Here are some good opinion and analysis pieces on the Roberts decision, from Lyle Denniston at the SCOTUS blog, Garrett Epps at The Atlantic, and Robert Weissman, president of the nonprofit consumer advocacy organization Public Citizen.

Not surprisingly, Iowa's Republican U.S. Senator Chuck Grassley expressed support for the McCutcheon decision, equating money in politics to free speech. Democratic Senator Tom Harkin was discouraged, predicting that the ruling will diminish "public interest in politics" and continue the country's drift toward "more and more influence by the wealthy and those who have money in politics."  

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Schultz appeals to Iowa Supreme Court on voter citizenship checks

by: desmoinesdem

Fri Apr 04, 2014 at 20:25:00 PM CDT

On behalf of Secretary of State Matt Schultz, the Iowa Attorney General's office has asked the Iowa Supreme Court to review last month's District Court decision invalidating a proposed rule that has been one of Schultz's priorities. As Bleeding Heartland discussed here, the rule would allow the Secretary of State's Office to check Iowa voters' citizenship status against a federal database. Registered voters suspected of not being citizens would be informed by mail. Those who cannot prove their citizenship or do not respond within 60 days would be removed from the voter rolls.

Polk County District Court Judge Scott Rosenberg determined that Schultz overstepped his authority when he promulgated the rule. His decision in favor of the American Civil Liberties Union of Iowa and the Iowa League of United Latin American Citizens did not address a separate legal question: whether Schultz's rule violated the right to vote.

If the Iowa Supreme Court overturns last month's decision, that would mean only that the Secretary of State had the authority to establish the new rule in the absence of legislative action. Further litigation would determine whether the procedure Schultz envisioned could intimidate eligible voters or deprive them of their rights.

I expect the Iowa Supreme Court to uphold the District Court ruling. Regardless, the appeal may boost Schultz's standing with Republican primary voters in the third Congressional district. They will love this part of yesterday's press release from the Secretary of State's Office:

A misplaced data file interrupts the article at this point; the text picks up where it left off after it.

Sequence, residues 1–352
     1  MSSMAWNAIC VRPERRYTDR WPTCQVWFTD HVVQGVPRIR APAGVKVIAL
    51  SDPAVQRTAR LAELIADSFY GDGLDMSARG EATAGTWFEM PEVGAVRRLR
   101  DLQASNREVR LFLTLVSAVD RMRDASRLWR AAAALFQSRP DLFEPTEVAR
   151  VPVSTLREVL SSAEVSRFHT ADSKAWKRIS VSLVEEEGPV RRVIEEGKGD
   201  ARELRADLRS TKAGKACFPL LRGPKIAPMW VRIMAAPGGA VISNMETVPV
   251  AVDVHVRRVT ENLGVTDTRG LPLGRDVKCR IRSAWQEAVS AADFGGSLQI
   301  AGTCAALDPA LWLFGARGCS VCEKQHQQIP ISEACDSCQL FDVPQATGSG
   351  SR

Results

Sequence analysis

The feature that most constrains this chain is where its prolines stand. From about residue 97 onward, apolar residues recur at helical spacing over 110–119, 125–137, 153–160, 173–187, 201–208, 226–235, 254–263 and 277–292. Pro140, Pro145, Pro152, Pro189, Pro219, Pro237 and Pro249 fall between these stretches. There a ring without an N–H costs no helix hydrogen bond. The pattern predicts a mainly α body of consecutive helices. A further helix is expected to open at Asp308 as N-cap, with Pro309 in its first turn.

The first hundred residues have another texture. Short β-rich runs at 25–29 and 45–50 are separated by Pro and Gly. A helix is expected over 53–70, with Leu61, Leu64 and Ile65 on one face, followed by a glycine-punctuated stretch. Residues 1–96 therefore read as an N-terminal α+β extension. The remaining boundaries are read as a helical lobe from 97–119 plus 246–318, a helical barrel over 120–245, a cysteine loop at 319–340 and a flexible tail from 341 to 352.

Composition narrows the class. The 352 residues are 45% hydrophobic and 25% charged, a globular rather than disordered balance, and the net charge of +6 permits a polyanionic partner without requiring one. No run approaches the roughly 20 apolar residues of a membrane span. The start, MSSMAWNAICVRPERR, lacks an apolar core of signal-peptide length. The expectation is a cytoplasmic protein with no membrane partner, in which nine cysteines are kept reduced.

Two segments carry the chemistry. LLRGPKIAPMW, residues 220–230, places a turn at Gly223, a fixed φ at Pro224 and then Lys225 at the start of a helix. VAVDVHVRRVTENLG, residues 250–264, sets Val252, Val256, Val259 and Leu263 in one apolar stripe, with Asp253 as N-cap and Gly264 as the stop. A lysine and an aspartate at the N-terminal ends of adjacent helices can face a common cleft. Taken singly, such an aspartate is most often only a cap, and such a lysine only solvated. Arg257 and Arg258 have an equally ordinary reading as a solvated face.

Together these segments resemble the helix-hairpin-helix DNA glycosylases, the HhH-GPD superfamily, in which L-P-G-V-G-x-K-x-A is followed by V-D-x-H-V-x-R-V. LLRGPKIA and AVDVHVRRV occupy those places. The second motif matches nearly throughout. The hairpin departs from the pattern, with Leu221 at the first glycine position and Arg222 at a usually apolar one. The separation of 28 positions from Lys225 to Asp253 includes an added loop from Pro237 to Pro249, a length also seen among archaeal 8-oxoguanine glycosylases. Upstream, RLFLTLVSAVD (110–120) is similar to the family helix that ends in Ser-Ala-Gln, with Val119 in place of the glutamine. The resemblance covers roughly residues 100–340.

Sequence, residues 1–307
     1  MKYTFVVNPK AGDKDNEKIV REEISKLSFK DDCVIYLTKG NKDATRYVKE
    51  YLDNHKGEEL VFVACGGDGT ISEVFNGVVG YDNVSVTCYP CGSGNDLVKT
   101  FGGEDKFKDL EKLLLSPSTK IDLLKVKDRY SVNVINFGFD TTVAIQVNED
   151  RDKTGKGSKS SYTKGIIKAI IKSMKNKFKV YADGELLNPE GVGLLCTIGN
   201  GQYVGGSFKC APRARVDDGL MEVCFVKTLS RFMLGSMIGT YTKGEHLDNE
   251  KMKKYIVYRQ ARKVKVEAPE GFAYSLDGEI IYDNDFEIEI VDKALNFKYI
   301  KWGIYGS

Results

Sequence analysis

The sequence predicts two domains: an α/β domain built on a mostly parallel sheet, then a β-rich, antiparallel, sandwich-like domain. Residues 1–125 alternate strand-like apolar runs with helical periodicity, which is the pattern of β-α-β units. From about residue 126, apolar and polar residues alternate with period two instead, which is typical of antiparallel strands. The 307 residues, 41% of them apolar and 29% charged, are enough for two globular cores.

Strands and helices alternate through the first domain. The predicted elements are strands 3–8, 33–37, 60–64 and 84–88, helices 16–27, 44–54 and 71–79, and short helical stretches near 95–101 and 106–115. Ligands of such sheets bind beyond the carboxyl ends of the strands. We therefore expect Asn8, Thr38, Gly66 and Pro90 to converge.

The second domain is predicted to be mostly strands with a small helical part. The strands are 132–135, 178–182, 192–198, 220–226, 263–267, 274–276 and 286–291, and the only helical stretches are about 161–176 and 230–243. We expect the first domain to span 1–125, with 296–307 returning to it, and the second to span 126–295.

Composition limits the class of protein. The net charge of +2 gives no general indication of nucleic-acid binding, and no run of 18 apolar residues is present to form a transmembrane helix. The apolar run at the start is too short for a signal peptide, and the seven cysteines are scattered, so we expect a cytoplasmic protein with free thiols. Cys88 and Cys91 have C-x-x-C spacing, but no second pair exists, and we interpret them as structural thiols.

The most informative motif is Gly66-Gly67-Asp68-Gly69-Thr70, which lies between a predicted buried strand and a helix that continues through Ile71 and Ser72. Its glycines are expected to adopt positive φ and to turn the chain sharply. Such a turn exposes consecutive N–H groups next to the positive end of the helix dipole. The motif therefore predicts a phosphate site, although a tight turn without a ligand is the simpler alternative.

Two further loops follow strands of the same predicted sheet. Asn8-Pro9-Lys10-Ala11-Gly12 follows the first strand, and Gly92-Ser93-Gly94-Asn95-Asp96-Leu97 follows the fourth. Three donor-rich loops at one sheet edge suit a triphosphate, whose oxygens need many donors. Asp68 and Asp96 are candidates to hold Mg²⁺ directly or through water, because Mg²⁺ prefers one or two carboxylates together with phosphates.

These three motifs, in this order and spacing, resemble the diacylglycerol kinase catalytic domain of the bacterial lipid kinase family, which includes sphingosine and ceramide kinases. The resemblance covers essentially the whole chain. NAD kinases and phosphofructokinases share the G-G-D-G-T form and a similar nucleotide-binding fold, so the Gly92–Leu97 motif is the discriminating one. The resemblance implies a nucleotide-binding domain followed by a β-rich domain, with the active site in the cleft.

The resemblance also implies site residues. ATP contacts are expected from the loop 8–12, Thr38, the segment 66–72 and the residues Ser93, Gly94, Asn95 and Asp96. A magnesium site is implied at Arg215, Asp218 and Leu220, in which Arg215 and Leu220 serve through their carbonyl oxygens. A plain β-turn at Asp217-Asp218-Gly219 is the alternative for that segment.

"I have fought for integrity and voter's rights.  We can't allow non-citizens to cancel out the vote of Iowans, but at the same time, anyone accused deserves due process.  My rule gives voters more due process and protects the integrity of the vote," Schultz said.

Any relevant thoughts are welcome in this thread. Schultz's use of the phrase "due process" suggests to me a fundamental misunderstanding of his role. The Secretary of State is an administrator, not a law enforcement official.  

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Former administrative law judge sues state, Iowa Workforce Development Director Wahlert

by: desmoinesdem

Fri Apr 04, 2014 at 07:28:00 AM CDT

The former Chief Administrative Law Judge for Iowa Workforce Development filed suit yesterday in Polk County District Court against the State of Iowa and Iowa Workforce Development Director Teresa Wahlert. You can read the full text of Joseph Walsh's lawsuit here (pdf). After the jump I've posted an excerpt from his case. Walsh alleges that the IWD director "interfere[d] with the administrative judicial process in order to favor employers," attempted "to illegally strip [Walsh] of his merit protection," and eventually retaliated by removing him in "a political reorganization disguised as a budget layoff."

I've also enclosed below a statement Wahlert released yesterday, denouncing the "frivolous lawsuit." Wahlert contends that while serving as chief administrative law judge, Walsh failed in basic management responsibilities.

Last month, Democratic State Senator Bill Dotzler asked the U.S. Department of Labor to investigate claims that Wahlert interfered with the work of Iowa's administrative law judges, hoping to secure more favorable outcomes for employers in unemployment cases. Governor Terry Branstad rejected Dotzler's allegations against Wahlert without conducting any internal review of the matter.